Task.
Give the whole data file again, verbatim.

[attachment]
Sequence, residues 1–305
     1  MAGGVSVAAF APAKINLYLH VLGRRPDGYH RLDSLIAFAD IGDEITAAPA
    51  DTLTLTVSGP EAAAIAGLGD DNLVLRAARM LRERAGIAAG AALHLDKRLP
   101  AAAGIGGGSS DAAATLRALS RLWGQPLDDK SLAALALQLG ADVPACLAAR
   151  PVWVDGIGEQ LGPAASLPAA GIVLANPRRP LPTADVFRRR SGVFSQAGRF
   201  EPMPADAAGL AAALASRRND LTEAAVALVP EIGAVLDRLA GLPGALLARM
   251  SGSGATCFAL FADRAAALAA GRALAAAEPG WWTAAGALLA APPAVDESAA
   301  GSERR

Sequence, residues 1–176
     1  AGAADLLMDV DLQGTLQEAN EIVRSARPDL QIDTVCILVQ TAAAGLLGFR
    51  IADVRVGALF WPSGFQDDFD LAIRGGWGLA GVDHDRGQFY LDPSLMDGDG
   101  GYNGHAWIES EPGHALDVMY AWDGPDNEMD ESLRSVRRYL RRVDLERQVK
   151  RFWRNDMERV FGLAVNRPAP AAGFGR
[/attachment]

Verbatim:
Sequence, residues 1–305
     1  MAGGVSVAAF APAKINLYLH VLGRRPDGYH RLDSLIAFAD IGDEITAAPA
    51  DTLTLTVSGP EAAAIAGLGD DNLVLRAARM LRERAGIAAG AALHLDKRLP
   101  AAAGIGGGSS DAAATLRALS RLWGQPLDDK SLAALALQLG ADVPACLAAR
   151  PVWVDGIGEQ LGPAASLPAA GIVLANPRRP LPTADVFRRR SGVFSQAGRF
   201  EPMPADAAGL AAALASRRND LTEAAVALVP EIGAVLDRLA GLPGALLARM
   251  SGSGATCFAL FADRAAALAA GRALAAAEPG WWTAAGALLA APPAVDESAA
   301  GSERR

Sequence, residues 1–176
     1  AGAADLLMDV DLQGTLQEAN EIVRSARPDL QIDTVCILVQ TAAAGLLGFR
    51  IADVRVGALF WPSGFQDDFD LAIRGGWGLA GVDHDRGQFY LDPSLMDGDG
   101  GYNGHAWIES EPGHALDVMY AWDGPDNEMD ESLRSVRRYL RRVDLERQVK
   151  RFWRNDMERV FGLAVNRPAP AAGFGR